Analytical Instrumentation

  • How Much Oil is in the Barents Sea?

How Much Oil is in the Barents Sea?

Apr 02 2020 Read 341 Times

According to a major Scandinavian petroleum authority, there's still plenty more oil to be found in the Barents Sea, a section of the Arctic Ocean set off the northern coasts of Norway and Russia. While new discoveries have lapsed over the past few years, the Norwegian Petroleum Directorate asserts that the Barents Sea contains more than 3 billion standard cubic meters of oil equivalents.

The announcement comes after national oil company Equinor announced plans to halt exploration in the southeast corner of the Barents Sea in 2019, a decision that was spurred by disappointing results at several wells. "The wells that we have operated have shown disappointing results and Equinor will from now on focus its activity in more western areas," says Dan Tuppen, a company representative for Equinor.

Currently there are just two active fields in the Barents Sea, the Snohvit natural gas field operated by Equinor and the Goliat field operated by independent exploration and production company, Var Energi. Equinor is also developing the Johan Castberg field, which is scheduled to start production in 2022.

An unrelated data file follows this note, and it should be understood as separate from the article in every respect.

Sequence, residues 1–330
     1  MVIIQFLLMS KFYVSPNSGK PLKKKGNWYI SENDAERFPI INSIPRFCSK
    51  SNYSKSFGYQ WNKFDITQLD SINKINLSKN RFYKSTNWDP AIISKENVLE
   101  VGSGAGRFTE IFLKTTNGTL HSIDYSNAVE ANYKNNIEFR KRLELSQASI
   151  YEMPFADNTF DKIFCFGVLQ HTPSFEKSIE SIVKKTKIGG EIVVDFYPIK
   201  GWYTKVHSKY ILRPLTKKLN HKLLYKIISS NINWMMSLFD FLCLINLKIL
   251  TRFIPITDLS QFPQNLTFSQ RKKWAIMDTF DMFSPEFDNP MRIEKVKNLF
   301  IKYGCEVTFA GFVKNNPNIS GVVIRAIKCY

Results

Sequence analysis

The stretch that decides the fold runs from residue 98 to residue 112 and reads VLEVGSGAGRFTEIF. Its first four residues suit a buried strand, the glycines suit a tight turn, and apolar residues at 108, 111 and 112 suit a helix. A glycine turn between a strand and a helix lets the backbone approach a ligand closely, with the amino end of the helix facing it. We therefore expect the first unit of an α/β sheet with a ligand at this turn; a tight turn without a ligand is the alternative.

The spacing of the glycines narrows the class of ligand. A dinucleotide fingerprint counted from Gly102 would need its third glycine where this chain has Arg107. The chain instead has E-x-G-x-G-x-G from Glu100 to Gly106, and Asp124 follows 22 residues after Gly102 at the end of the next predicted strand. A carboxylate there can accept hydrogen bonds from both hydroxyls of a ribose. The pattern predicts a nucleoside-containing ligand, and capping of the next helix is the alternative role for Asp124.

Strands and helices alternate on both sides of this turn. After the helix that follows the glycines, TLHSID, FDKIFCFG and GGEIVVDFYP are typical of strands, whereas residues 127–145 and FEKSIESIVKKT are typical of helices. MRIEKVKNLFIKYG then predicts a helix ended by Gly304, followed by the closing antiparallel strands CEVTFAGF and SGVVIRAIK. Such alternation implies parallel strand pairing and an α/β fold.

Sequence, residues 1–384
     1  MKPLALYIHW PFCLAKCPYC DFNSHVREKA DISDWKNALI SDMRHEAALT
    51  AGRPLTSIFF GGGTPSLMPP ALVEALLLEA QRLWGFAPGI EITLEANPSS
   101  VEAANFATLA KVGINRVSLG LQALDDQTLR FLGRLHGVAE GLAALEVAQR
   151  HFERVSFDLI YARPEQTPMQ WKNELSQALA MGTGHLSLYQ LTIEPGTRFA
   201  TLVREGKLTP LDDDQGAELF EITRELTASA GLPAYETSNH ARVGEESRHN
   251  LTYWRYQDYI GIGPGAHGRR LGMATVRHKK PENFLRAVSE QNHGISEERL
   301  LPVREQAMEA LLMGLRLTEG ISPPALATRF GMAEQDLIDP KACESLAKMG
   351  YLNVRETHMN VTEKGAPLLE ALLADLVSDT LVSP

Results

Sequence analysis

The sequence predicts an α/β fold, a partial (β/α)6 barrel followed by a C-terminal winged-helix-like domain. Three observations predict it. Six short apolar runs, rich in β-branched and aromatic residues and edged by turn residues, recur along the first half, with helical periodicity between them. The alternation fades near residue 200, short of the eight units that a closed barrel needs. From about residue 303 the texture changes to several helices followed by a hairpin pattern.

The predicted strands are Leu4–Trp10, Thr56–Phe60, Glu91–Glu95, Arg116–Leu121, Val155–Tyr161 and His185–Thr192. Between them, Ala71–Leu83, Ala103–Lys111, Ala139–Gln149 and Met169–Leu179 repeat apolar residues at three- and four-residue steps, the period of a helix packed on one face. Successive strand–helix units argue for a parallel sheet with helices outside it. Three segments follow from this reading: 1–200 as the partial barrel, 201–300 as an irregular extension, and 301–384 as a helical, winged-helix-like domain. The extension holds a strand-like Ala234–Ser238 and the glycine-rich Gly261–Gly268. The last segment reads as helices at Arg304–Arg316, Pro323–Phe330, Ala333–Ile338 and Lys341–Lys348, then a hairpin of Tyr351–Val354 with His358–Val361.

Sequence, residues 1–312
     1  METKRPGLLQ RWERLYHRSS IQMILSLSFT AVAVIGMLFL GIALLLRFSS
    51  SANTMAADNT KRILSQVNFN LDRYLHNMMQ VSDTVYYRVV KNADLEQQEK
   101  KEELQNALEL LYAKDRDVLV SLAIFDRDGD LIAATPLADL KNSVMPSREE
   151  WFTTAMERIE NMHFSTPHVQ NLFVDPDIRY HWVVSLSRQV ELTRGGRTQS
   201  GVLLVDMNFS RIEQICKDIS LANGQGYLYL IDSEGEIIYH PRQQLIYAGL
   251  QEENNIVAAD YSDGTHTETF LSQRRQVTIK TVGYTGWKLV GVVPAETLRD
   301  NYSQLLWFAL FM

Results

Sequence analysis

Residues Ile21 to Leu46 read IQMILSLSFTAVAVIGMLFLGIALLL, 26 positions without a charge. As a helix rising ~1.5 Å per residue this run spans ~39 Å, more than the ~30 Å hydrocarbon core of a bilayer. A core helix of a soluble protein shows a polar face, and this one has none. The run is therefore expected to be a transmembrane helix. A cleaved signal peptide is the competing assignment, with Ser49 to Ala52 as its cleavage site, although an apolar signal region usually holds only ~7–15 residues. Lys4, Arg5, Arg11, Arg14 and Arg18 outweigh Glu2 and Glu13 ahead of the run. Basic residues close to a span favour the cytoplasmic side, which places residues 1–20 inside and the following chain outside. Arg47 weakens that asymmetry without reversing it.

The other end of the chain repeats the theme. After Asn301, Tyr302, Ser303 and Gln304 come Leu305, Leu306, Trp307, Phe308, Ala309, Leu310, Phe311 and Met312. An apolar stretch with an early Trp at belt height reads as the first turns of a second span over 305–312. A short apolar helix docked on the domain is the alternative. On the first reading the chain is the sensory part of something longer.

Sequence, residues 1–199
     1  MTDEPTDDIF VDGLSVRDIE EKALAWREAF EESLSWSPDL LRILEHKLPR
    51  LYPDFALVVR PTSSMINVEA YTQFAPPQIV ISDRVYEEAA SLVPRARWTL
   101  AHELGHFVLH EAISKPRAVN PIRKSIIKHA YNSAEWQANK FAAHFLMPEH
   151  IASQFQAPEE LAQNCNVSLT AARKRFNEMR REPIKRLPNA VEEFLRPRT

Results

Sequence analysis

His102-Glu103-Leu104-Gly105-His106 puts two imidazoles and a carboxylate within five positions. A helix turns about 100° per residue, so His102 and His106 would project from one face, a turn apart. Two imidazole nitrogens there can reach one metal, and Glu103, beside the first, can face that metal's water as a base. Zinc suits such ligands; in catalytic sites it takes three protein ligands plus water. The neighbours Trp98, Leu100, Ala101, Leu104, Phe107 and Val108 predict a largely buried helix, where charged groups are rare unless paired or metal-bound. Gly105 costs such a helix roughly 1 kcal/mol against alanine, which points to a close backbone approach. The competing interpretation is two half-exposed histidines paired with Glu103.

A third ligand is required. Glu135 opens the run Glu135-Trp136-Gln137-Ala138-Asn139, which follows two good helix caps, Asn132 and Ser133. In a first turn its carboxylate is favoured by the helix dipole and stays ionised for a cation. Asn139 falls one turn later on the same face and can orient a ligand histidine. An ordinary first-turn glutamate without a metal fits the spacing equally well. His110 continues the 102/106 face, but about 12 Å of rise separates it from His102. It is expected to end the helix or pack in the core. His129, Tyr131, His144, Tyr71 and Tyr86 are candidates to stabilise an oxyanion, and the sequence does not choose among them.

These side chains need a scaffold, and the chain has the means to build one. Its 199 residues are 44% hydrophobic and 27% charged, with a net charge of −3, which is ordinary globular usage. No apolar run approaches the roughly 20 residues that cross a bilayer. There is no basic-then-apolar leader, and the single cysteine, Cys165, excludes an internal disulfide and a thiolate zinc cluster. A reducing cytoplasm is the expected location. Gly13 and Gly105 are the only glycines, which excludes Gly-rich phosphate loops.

Unlocking 3000 billion standard cubic meters of oil equivalents

While production has been disappointing so far, particularly for Equinor, the Norwegian Petroleum Directorate is confident the Barents Sea has enormous potential. In a new resource accounts report released by the Directorate, experts predict the Barents Sea could harbour more than 3000 billion standard cubic meters of oil equivalents, with just 87 million cubic meters already extracted. It suggests most of the value is in the southern, north-eastern and south-eastern portions of the sea, some of the main areas that have been cast off by Equinor. Other areas of interest include waters bordering the Norwegian and Russian border.

Leveraging a national resource

Despite concerns over climate change and non-renewable energy phase outs, Norway plans to champion petroleum production as a major source of national income for the foreseeable future. Leader of the Petroleum Directorate Ingrid Solvberg says there are big opportunities for oil drillers, including major prospects in the Barents Sea. Outshone only by the North Sea, the Barents Sea is considered one of the most lucrative oil and gas resources in Norway.

One of the major industries Norwegian oil feeds is petrochemicals. To find out more about the latest advancements within the petrochemicals industry don't miss 'Elemental Analysis at a Fingertip – From Drill Cuttings in Mobile Labs to Catalyst Elements in Refineries to Ultra-Low Sulfur in Automotive Fuels' with expert insight from Frank Portala on behalf of German-based analytical instrument manufacturer, Bruker AXS.

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